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What Benefits are You Entitled to When You Leave Your Job?

Business Phone CallPeople leave jobs all the time and for a variety of reasons. It’s just a part of the modern-day business world. There are very few people anymore who remain with the same company over the long haul and employers expect turnover within their company.

If you’re in the workforce, chances are you’ll leave your current employer at some point.

What do you need to know when this day arrives?

How to Break the News You’re Moving On

Assuming you’re on good terms with your current employer, and even if things aren’t ideal, you’ll want to be professional when you give notice you’re leaving. Most people agree giving two weeks’ notice in advance of your last day is the most professional course of action. You should consider putting your notice in writing and speak to your direct supervisor face-to-face.

As stressful as the conversation about leaving can be, things can be especially uncomfortable if there are issues about outstanding benefits. Many people leave their jobs without using all of the sick leave or vacation pay to which they were entitled.

If you leave your current position owed anything – wages, benefits, or anything else that’s been arranged – you are legally entitled to receive it even though you’re leaving.

Employees are Entitled to Pay for the Hours They’ve Worked

If you’ve left a job and your former employer has tried to deny or short your last paycheck, you aren’t alone. Unfortunately, there are business owners and payroll departments that attempt to cheat employees of their rightful wages, hoping they won’t follow up because they are moving onto a new job. There are also employers who are resentful when employees leave and they behave in a spiteful manner.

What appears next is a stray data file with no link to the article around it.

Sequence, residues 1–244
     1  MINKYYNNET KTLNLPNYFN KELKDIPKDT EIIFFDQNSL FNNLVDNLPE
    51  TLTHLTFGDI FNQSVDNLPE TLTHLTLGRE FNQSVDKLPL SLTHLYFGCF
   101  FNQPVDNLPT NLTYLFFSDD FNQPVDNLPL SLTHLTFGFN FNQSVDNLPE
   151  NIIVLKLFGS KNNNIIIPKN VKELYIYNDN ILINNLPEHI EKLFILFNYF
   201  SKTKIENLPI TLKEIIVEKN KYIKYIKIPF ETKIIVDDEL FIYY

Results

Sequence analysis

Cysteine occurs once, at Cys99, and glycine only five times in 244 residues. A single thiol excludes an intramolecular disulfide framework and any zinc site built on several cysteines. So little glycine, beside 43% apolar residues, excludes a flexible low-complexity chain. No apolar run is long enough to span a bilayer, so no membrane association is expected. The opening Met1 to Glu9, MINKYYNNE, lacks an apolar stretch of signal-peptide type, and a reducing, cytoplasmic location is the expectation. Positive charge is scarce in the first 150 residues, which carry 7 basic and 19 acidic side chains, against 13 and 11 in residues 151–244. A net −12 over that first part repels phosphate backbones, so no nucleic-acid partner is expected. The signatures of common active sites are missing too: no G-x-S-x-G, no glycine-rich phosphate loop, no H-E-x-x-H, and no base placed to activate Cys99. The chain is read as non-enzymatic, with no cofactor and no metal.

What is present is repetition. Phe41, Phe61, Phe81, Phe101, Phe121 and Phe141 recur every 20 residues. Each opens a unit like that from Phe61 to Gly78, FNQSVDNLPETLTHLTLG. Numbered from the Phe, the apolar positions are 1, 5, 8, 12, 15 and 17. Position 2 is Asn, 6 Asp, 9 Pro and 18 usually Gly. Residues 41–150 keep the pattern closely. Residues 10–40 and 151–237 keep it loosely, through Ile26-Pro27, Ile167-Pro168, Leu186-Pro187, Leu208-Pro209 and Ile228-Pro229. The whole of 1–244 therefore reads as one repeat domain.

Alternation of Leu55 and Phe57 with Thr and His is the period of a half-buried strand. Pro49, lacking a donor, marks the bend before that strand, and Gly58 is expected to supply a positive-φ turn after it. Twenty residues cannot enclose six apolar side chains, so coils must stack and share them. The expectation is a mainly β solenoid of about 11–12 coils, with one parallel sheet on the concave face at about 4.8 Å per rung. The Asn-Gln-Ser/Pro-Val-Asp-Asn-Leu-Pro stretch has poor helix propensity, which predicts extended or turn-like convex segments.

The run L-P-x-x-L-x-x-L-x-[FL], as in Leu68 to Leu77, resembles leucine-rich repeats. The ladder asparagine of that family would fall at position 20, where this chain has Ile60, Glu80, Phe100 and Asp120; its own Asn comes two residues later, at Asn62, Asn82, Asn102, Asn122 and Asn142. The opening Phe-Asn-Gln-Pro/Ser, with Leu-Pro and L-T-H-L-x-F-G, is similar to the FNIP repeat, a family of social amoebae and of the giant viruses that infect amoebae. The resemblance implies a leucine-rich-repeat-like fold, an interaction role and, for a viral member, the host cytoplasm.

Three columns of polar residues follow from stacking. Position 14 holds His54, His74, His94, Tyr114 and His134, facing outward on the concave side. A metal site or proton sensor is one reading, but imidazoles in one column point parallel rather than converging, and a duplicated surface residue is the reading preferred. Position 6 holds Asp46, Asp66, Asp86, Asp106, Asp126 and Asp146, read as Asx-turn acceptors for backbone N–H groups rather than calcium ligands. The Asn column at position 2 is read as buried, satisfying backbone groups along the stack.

This is illegal.

Regardless why you’ve left a job, you are entitled to be paid for the hours you’ve worked.

There is no law stating you must be paid immediately, but you do need to be paid the appropriate amount within a reasonable amount of time – usually within the normal pay period. You must also be paid for any overtime you are owed.

Keep in mind, there is a statute of limitations for filing a claim for wages you’re owed. Under federal law, most of the time this time frame is two years, but if the violations are considered “willful,” the statute of limitations is three years. Under New York law, the statute of limitations is six years.

You Might Also Be Entitled to Other Benefits

Many employers have a system in place that allows employees to accrue vacation or sick time. The more an employee works the more paid time off is accumulated. If this time is not used during the course of employment, you might be entitled to receive payment for this accrued time.

Keep in mind, there is a statute of limitations for filing a claim for wages you’re owed. Under federal law, most of the time this time frame is two years, but if the violations are considered “willful,” the statute of limitations is three years. Under New York law, the statute of limitations is six years.

What does this mean?

Some employers allow employees to use time that has not yet been earned. For instance, if you’ve earned four vacation days, but you’d like to take a full five day week off, your employer might allow you to take the full five days with pay, assuming in the coming weeks and months you’ll work the hours required to cover this time.

Think of it as having a negative balance of time and as you work, you bring the balance to positive.

However, if you leave your job before bringing that balance positive, your employer can charge you for that time.

Moving from one job to another is stressful enough without having to deal with mistakes or games from your former employer. In an ideal world, the transition will be smooth, but this is not always the case. If your former employer is giving you trouble after you’ve moved on, you might have the right to take legal action.

For more information or to schedule a consultation to discuss your situation, contact NY Employment Lawyers Borrelli & Associates, P.L.L.C.

Henderson v. AFG Group, Inc., Case No.: 1:18-cv-04...
Borrelli & Associates negotiates $135K settlement ...

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